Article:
Criticism of Habeck’s demand for arms supplies in Ukraine | Free press


Mariupol / Berlin (dpa) – Green leader Robert Habeck has spoken out in favor of arms transfers to Ukraine and was therefore widely rejected.

There was also criticism from within the ranks of Habeck’s demand shortly before a visit to the front line between the Ukrainian government forces and the pro-Russian separatists in the east of the country. He told Deutschlandfunk: “In my opinion, weapons for defense, self-defense and defensive weapons can hardly be refused to Ukraine.” He had previously spoken to President Volodymyr Zelensky in Kiev.

The Greens have traditionally advocated a restrictive arms export policy. The party leadership’s draft election manifesto states that the Greens wanted to end “European arms exports to war and crisis areas with restrictive export controls.”

Ukraine in conflict for a long time

There is no doubt that Ukraine is, at least in part, a crisis area. In eastern Ukraine, there has been a conflict between pro-Russian separatists and Ukrainian government forces for seven years, with the UN estimating that more than 13,000 people have died. After a deterioration this spring, the Ukrainian government demanded supplies of arms from the west.

Habeck stressed that the Greens are, of course, a party that stems from pacifism. “But if you deal with this conflict a little bit, you can’t at least refuse help for self-help, for defense.”

Opposite position of the party leadership

However, he encounters contradictions with this attitude in his own ranks. “I still think it is correct that the federal government does not supply weapons to war zones,” arms expert Katja Keul told the editorial network Germany (RND / Tuesday). The fact that someone in the Greens opposed a substantive position of the party leadership had hardly happened in recent months. Unity has been the top priority since Habeck and Chancellor-candidate Annalena Baerbock led the party.

Habeck’s statement also contradicts the federal government’s current arms export guidelines, which in their original version were a feat of the red-green government under Chancellor Gerhard Schröder and Vice Chancellor Joschka Fischer. These prohibit the approval of arms transfers to countries “involved in an armed conflict or where one is under threat”.

Hardly any arms deliveries from Germany

As a result, there have been hardly any arms transfers to Ukraine in recent years. In 2018 and 2019, the federal government allowed exports of 2.1 million euros each, mainly hunting and sporting weapons. In 2019, this amounted to just 0.03 percent of all federal government-issued export licenses worth more than eight billion euros.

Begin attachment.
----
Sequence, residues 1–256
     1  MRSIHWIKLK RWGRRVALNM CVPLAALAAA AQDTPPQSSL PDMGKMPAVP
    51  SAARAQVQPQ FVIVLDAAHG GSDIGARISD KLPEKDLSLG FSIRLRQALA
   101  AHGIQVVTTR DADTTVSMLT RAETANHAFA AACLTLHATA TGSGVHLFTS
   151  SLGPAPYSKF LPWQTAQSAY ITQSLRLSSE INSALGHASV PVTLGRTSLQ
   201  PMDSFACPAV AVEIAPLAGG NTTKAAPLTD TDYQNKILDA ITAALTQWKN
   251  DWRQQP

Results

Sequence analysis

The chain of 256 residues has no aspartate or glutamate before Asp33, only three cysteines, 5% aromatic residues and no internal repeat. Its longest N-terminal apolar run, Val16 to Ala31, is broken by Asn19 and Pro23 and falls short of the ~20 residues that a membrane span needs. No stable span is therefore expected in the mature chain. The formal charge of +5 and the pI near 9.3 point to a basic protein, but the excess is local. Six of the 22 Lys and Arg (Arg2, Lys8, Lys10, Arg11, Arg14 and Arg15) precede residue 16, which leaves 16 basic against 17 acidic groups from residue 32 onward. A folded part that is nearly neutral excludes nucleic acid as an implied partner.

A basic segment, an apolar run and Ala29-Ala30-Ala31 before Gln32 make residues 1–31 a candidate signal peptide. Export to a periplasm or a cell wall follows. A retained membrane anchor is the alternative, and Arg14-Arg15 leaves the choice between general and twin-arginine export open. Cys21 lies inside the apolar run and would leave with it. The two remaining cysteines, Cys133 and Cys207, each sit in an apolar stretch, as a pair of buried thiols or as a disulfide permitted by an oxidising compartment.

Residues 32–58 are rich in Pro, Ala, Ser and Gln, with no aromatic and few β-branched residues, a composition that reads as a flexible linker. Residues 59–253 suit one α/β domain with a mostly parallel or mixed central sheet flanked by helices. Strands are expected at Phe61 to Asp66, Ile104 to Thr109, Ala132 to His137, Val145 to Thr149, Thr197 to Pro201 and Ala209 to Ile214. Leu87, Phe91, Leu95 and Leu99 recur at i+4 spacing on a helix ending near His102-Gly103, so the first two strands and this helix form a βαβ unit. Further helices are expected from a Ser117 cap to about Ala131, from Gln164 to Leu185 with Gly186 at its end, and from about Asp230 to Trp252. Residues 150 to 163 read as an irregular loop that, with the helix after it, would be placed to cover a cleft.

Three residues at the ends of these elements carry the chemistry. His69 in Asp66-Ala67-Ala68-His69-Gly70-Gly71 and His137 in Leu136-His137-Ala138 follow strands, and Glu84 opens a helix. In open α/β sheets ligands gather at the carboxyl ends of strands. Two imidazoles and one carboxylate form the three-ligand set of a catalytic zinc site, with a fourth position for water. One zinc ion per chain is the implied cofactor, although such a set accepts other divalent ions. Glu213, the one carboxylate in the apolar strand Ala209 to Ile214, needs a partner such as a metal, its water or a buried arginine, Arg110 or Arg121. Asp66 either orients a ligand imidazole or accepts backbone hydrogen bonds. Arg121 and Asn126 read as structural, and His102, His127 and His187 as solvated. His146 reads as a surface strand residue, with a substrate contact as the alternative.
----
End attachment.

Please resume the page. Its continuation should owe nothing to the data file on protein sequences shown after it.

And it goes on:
This is also because the German government has no interest in further stirring up the conflict in Eastern Ukraine. “A rearmament in Ukraine would use Russia as a pretext for its own forces in Crimea, eastern Ukraine and the Russian-Ukrainian border,” CDU foreign politician Jürgen Hardt (CDU) told the RND.

Sharp criticism

Sharp criticism also came from the SPD. “The demand to supply so-called defensive weapons to Ukraine is frivolous and underscores once again how little capable and disingenuous the Greens are currently acting,” Group Chairman Rolf Mützenich told “Spiegel”. Habeck has misunderstood the complex crisis management in the region and the internal situation in Ukraine.

Left-wing foreign policy expert Sevim Dagdelen said arms transfers to Ukraine would further escalate the conflict. “With demand for arms deliveries to Ukraine, Green leader Robert Habeck is falling behind the German government and deliberately undermining the ban on arms exports to crisis and conflict areas,” she said.

Unlike Germany, the US is already supplying military equipment to Ukraine. US Secretary of Defense Lloyd Austin had promised further exports after the latest escalation. Moscow, on the other hand, warns against arms deliveries to Ukraine.

Habeck visited the front line in eastern Ukraine on Tuesday wearing a protective vest and steel helmet. He had already traveled from Kiev to Dnipro on Monday. On Tuesday morning, the helicopter left from there to Mariupol, from where it traveled on to the front. Among other things, he visited the destroyed village of Schyrokyne, which has been deserted since 2015.